Guest Opinion

Autism through the eyes of a parent


April is Autism Awareness month. It’s common for autism organizations to rally and promote awareness about the disorder and talk openly about those who are living on the spectrum.

While this is a core message around autism awareness, as a parent, I find that sometimes the support needed for parents or caretakers can be a less-discussed topic. Many parents view autism as a gift, but there is undoubtedly a stress involved in being an autism spectrum parent. I interviewed some autism spectrum parents in the Carson Valley to gain a greater understanding of the challenges, rewards and support needed.

Most parents experience stress, but for those raising children with autism, simple tasks of everyday life often bring stress. They could need to keep their child from running away, manage meltdowns, wrangle with teachers about special education needs, avoid sights or sounds that overload senses, and drive to therapists or doctors.

Because autism is a spectrum disorder, each person with autism has a distinct set of strengths and challenges. The ways in which people with autism learn, think and problem-solve can range from highly skilled to severely challenged. Some people with ASD may require significant support in their daily lives, while others may need less support and, in some cases, live entirely independently.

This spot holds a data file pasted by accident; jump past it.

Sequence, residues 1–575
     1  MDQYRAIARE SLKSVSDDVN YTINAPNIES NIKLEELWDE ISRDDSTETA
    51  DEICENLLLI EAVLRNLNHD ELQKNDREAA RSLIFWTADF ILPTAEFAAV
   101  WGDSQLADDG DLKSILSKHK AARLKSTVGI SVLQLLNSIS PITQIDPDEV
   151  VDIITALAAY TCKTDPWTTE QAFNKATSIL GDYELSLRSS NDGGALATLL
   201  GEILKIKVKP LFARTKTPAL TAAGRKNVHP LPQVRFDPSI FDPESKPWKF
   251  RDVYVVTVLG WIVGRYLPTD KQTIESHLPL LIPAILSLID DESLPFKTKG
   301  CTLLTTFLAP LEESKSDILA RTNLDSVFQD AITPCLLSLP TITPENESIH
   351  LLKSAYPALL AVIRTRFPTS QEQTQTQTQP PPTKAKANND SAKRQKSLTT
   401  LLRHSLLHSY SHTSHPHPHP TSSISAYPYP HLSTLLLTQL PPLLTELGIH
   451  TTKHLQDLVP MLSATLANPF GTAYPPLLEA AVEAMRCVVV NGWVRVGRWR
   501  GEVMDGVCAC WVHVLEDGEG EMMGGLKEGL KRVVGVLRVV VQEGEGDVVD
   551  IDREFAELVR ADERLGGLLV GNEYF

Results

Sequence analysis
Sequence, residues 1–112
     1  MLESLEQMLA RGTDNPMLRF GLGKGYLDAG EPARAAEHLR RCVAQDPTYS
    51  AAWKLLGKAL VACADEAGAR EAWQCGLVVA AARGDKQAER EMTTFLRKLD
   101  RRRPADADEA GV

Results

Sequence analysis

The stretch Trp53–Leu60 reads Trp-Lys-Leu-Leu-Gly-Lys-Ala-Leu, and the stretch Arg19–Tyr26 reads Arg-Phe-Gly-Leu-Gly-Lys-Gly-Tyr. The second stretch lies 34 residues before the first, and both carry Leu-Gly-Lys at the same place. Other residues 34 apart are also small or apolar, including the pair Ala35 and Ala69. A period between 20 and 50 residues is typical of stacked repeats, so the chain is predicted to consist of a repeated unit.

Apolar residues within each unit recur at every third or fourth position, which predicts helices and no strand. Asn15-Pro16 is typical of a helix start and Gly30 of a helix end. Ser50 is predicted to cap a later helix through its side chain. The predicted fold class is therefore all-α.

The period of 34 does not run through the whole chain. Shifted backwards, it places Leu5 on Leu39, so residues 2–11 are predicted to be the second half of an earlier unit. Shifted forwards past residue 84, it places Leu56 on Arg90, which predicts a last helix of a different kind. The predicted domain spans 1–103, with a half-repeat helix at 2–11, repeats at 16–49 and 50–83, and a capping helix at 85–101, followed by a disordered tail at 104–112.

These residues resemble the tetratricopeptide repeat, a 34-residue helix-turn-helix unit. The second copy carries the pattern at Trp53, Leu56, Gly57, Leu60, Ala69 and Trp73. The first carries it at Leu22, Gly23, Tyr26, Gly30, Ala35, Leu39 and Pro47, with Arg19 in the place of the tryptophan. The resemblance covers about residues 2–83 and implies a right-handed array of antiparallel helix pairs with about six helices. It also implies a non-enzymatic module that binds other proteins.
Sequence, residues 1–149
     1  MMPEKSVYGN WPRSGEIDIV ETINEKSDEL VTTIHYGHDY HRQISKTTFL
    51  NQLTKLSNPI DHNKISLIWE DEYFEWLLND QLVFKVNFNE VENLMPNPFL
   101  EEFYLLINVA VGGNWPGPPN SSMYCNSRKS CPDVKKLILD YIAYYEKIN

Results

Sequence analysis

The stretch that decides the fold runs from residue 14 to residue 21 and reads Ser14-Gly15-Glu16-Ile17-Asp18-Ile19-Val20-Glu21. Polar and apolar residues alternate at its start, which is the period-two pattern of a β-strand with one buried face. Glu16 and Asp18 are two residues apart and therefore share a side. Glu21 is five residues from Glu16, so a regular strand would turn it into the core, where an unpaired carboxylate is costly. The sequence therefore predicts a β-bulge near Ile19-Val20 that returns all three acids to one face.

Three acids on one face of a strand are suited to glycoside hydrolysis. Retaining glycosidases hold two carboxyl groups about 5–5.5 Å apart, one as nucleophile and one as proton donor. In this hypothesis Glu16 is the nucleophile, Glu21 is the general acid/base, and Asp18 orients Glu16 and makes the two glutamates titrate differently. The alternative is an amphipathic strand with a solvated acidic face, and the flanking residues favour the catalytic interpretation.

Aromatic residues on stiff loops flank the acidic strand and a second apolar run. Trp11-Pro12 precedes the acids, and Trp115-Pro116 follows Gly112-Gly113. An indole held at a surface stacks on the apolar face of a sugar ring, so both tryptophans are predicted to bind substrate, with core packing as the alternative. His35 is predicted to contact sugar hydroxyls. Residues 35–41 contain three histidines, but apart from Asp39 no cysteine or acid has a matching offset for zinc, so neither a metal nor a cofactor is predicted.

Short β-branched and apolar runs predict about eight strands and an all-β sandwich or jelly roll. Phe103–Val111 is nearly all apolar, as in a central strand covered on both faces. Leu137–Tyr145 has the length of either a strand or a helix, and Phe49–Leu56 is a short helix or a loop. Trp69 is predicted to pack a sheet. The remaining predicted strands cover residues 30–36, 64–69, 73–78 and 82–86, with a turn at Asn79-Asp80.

Children with autism have difficulties interacting socially and communicating. These core symptoms limit their ability to interact with others, and it can be painful or frustrating for the parent or other family members. It can leave the parent feeling inadequate, alone, anxious, frustrated or cause emotional pain.

“Communication with my son is really a difficult piece and is one of the most difficult challenges as a parent,” said Wendy Borchert, mother to a son on the spectrum. “I can’t tell when he is hurting, but I celebrate the small things. I remember when he was finally able to tie his shoes in high school and all my other friends who had kids his age were celebrating their kid driving.”

For most parents, stress begins with that "something's wrong" moment when they realize their child isn't talking, interacting, or playing like other children. Since ASD was first recognized in the 1940s, parents have been and felt blamed for their children’s autism. In the early years of autism recognitions, clinicians blamed parents for their children’s autism. Psychoanalysts thought cold, detached parenting must be the cause of their extreme withdrawal from the social world. That idea has since been abandoned, but it is typical for those residual feelings to surface, especially during the diagnosis process.

“I had this great experience with one of our pediatricians, “said Teneale Chapman, mother of three children on the spectrum. “He said to me, I didn’t break my child, my child was born this way. It wasn’t that I didn’t bond with him when my child was a baby, he is just different. He’s different but he’s not less and he will achieve great things.”